Protein engineering efforts aim at developing useful proteins with new or enhanced functions. The Plückthun group has undertaken an extensive design effort to create a highly stable designed consensus ankyrin repeat protein (DARPin) scaffold. These studies have cumulated in an optimized design, in which surface residues can be mutated to achieve binding to a desired target without compromising scaffold stability. Repeat proteins in general, and DARPins in particular, are an interesting subject upon which to study protein folding in order to understand the molecular base of their unusual stability. Their low contact order and modularity represents an intriguing background against which to study the mechanisms of protein folding and protein stability in a uniform environment.
In this work, we investigated the stability and folding behaviour of full-consensus designed ankyrin repeat proteins (DARPins) using a range of NMR, biophysical and computational experiments. The sequence background of identical repeats used for our study can be seen as a generalised example for the study of AR protein folding and enables the investigation of folding as a function of repeat number. Using proton-exchange methods in the presence and absence of chemical denaturation, we evaluated the stability of this ankyrin scaffold in a residue-resolved manner. In order to achieve this we had to first assign the backbone resonances of each repeat and the N- and C-terminal capping repeats – a problem which becomes progressively more difficult as additional internal repeat are added. Paramagnetic spin labels attached to either end of the proteins were successfully used to decrease ambiguitiy and allowed complete backbone resonance assignments.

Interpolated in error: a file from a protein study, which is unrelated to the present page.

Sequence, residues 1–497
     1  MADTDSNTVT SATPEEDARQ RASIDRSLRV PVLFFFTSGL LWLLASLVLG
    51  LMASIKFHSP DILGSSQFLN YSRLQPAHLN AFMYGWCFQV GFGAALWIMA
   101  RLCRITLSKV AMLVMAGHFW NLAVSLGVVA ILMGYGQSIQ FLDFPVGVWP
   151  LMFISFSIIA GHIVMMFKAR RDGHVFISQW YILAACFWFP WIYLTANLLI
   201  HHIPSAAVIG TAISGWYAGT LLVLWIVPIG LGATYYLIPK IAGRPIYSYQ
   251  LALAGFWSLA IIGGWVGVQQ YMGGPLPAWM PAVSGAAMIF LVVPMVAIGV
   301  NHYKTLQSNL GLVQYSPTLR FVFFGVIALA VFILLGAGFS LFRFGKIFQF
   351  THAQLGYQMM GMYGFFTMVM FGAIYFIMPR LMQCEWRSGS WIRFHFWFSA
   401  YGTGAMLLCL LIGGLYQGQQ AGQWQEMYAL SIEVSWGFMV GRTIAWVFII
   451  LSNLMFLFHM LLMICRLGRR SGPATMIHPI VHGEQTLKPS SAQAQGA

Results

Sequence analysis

Abstract